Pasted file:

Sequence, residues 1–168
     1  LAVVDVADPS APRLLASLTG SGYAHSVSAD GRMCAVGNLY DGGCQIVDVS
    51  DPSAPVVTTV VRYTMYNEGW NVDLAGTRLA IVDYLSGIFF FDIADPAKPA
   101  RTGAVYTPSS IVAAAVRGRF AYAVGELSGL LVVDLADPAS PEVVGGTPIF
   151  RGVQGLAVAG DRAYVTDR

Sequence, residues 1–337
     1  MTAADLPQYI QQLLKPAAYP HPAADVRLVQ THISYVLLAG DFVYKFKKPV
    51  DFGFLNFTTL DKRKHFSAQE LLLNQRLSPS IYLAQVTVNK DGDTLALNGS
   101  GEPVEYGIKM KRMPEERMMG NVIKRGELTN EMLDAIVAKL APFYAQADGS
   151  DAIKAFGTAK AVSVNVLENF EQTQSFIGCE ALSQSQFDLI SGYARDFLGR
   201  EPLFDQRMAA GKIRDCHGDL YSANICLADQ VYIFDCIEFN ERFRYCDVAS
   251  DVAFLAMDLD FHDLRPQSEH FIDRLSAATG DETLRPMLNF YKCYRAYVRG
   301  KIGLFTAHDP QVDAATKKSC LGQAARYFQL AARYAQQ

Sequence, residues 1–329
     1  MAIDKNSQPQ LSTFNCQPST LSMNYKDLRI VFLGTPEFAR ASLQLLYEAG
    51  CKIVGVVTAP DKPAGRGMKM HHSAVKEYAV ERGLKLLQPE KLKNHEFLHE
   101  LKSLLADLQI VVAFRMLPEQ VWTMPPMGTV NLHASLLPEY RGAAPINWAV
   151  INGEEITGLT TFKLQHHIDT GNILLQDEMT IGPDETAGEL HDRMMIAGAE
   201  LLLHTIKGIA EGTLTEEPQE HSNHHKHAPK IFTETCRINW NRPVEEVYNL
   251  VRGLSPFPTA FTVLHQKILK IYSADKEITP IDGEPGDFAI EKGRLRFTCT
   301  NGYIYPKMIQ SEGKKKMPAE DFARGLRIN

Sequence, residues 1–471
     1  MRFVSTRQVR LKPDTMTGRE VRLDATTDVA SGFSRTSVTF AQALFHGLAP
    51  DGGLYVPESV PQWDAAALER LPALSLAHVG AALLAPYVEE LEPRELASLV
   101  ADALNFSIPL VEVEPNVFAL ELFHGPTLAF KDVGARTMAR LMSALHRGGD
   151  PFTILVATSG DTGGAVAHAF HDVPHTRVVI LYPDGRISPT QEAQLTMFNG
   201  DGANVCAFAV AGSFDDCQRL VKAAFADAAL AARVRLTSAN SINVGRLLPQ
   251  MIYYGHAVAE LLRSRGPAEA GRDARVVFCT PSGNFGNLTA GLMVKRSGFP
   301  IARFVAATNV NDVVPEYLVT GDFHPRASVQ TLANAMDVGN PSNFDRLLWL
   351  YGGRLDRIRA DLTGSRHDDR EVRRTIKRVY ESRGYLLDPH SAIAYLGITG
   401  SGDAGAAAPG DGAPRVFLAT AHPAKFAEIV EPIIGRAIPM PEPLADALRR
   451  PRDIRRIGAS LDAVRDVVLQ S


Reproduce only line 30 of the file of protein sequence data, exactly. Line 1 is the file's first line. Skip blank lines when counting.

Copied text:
   351  YGGRLDRIRA DLTGSRHDDR EVRRTIKRVY ESRGYLLDPH SAIAYLGITG